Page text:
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Calculating ROI on the part-time MBA

On April 21, 2011, in an article for Bloomberg Businessweek, Francesca Di Meglio reports on the benefits of going to business school for a part-time MBA. As companies move away from paying for their employees to earn an MBA, part-time students are increasingly considering the return on investment, or ROI, of an MBA. Although Di Meglio's findings show that return on investment is difficult to quantify, especially for part-time graduates, the intangible benefits an MBA provides can benefit part-time students as well.

Three reasons to pursue part-time MBA programs

Di Meglio profiles graduates of three part-time MBA programs who earned their degrees for different reasons. All reported that their education produced a solid return on investment. According to these graduates, the best reasons to get a part-time MBA are:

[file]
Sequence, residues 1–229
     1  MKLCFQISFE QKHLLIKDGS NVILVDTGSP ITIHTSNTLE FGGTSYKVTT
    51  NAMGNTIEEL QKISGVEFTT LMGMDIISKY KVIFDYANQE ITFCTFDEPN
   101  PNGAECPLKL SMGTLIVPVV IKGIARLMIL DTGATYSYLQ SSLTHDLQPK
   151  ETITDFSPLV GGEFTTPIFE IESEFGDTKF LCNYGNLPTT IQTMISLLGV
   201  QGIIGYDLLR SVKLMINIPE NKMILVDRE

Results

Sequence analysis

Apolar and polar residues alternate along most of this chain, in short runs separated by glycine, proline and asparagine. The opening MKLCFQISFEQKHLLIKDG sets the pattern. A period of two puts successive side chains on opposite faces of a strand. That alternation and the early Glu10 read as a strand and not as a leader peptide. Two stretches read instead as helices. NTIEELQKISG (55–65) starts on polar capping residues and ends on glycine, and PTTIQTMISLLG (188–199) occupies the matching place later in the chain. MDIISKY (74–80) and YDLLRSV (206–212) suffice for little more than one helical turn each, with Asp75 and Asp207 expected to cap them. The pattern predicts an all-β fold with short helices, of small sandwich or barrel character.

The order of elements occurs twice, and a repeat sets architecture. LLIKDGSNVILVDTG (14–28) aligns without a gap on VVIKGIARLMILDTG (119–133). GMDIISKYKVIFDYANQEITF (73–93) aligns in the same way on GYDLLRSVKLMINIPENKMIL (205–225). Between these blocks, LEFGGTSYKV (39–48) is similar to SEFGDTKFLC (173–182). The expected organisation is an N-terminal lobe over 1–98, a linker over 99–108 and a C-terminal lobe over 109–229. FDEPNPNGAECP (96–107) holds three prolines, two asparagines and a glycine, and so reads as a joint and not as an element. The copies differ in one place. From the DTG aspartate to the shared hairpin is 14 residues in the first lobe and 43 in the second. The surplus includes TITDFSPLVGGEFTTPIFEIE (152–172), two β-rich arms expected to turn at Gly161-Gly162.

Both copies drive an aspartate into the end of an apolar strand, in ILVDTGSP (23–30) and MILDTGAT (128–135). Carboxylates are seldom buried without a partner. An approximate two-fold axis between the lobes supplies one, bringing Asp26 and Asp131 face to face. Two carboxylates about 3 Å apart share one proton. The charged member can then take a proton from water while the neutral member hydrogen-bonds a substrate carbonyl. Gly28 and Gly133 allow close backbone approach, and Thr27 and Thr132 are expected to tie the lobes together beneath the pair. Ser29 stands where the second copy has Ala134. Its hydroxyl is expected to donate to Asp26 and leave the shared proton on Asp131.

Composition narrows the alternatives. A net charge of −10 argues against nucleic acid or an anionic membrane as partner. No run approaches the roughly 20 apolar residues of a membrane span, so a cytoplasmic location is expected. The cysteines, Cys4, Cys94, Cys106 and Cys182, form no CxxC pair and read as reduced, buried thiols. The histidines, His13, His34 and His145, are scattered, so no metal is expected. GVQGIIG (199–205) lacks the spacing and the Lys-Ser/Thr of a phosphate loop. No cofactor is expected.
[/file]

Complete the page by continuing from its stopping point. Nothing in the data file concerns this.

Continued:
• Make a career change. One graduate went back to school to improve his job performance as a reporter but found the degree actually helped him to change careers not once but three times in the years following graduation. Each move made him more successfu l--and made him more money.
  • Supplement your skills. A second part-time MBA graduate went back to school for a business degree in order to enhance her work as a software developer. The MBA has helped her launch a software startup.
  • Build your network. The third graduate found it critical to continue working throughout his MBA program in order to continue building his work experience. The part-time MBA allowed him to gain a business education and the work experience needed to develop his career.

While students at part-time MBA programs may not see the immediate salary boosts their full-time counterparts can, the intangible benefits of gaining a strong grounding in business and finance principles can pay off.

 

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